As I was writing this post, and as I was thinking about last month’s post, I realized just how fabric-geeky this series is turning out to be.
Stick with me, though. This basic terminology will offer a pay-off later. I promise.
Now, to the topic at hand. Natural fibers, as the name implies, are derived from plants and animals. Plant fibers come from the stems, leaves, or seeds of plants. Animal fibers come from animals’ fur—or their cocoons, in the case of silk.
The most common natural fibers are cotton, linen, wool, and silk. More exotic natural fibers include alpaca, camel hair, cashmere, llama, mohair, hemp, jute, and ramie.
Cotton is a seed fiber, starting its life in the boll of the cotton plant attached to the seeds. It is the most commonly used fiber in the world. Cotton is strong. It absorbs moisture and dries quickly. It is washable and dry-cleanable, and it has a soft hand. (Hand is how a fabric feels when you touch it.) Even though it’s not the most ecological crop to grow, cotton is relatively inexpensive to produce.
Linen is the oldest and the strongest of the natural fibers. It comes from the stalk of the flax plant. It is relatively soft, absorbs moisture and dries quickly, and is washable and dry-cleanable. But linen has some drawbacks. It doesn’t have great resistance to pilling (those little balls that form on clothing as the fibers break and get tangled together), it doesn’t drape as well as cotton, and it doesn’t have much elasticity.
Wool, as you know, comes from the fur of sheep. Different breeds of sheep produce different qualities of wool, all of which are graded according to the fineness of the fibers. Depending on the grade, wool can have a nice hand and good drape. It is warm because it absorbs moisture slowly and dries slowly, not cooling the wearer. Wool has excellent insulating qualities because the fibers are crimped, which allows air to get trapped between them.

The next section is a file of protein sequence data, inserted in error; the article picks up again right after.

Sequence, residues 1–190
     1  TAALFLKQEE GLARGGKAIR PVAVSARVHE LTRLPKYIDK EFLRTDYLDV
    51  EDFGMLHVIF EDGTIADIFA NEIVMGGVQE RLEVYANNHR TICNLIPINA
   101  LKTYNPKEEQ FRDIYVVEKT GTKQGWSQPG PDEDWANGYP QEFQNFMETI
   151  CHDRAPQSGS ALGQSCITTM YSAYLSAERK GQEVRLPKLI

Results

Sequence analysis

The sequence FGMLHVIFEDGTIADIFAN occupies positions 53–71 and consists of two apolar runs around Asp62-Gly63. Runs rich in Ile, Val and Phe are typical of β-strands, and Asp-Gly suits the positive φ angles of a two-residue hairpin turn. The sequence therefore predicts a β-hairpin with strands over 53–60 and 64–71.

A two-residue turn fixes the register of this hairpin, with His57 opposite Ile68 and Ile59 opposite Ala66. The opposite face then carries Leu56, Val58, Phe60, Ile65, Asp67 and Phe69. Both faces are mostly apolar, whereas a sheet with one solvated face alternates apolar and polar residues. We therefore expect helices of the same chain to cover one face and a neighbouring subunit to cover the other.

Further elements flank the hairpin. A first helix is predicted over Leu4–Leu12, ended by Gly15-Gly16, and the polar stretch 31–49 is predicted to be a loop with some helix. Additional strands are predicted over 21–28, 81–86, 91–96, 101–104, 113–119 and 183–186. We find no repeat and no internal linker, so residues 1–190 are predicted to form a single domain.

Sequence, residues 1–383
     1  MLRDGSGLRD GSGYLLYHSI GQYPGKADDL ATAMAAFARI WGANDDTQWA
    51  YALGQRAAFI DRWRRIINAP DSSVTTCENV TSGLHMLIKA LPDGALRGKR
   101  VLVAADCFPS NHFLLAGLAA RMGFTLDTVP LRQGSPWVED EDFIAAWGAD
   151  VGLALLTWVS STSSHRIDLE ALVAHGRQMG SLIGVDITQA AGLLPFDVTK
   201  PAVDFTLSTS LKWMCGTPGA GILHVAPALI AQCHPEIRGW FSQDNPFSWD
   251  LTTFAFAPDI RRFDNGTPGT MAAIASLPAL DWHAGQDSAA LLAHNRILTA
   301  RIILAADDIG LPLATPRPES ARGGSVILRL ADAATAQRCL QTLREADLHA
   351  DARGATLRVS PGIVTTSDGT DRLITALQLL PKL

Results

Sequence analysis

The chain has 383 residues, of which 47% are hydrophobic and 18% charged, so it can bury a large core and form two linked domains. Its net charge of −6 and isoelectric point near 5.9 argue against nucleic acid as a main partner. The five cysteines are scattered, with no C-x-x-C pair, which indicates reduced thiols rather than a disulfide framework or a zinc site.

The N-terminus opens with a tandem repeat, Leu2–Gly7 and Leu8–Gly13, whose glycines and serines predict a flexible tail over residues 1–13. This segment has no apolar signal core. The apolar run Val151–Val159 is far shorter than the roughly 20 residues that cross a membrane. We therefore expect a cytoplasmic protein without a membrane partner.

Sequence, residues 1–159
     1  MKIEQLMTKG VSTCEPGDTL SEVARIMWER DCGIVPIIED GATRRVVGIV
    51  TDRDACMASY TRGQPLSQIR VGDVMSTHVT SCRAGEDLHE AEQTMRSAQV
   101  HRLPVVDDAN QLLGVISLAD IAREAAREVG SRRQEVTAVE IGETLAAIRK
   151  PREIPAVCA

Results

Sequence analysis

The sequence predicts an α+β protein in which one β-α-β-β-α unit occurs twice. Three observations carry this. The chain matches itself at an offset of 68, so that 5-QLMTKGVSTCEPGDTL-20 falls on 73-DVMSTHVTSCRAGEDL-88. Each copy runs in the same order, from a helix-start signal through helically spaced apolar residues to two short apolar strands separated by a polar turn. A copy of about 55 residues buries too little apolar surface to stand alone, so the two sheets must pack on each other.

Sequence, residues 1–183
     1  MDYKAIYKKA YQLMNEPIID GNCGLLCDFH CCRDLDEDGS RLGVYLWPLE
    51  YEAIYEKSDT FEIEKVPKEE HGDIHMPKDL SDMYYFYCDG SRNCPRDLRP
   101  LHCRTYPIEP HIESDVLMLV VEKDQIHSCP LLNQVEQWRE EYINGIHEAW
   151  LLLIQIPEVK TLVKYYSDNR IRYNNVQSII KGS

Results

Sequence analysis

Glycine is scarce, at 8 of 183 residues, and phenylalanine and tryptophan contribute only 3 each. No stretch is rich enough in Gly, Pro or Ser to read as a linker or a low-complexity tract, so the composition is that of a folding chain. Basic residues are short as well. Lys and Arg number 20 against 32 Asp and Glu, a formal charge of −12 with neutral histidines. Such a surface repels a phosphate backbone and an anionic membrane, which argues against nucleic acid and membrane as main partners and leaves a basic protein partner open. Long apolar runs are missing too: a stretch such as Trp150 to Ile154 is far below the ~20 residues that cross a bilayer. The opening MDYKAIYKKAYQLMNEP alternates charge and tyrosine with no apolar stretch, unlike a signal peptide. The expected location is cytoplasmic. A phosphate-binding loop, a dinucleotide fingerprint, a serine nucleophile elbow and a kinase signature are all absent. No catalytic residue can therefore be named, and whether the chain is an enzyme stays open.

Silk is produced by silkworms. When spinning their cocoons, silkworms send a fine stream of liquid through small openings near their heads. The liquid hardens into filament on contact with air. These filaments are harvested and spun into silk which has nice drape and a luxurious hand. It is a relatively expensive and exceptionally fine fiber that can be washed or dry cleaned. Soaps weaken silk. The fabric also degrades over time when in contact with oxygen.
Next month I’ll discuss some common types of manufactured fibers, and you just might be surprised at what you learn.
Liesl Gibson designs the popular Oliver + S line of sewing patterns for children’s clothing. Read more of her writing on the Oliver + S blog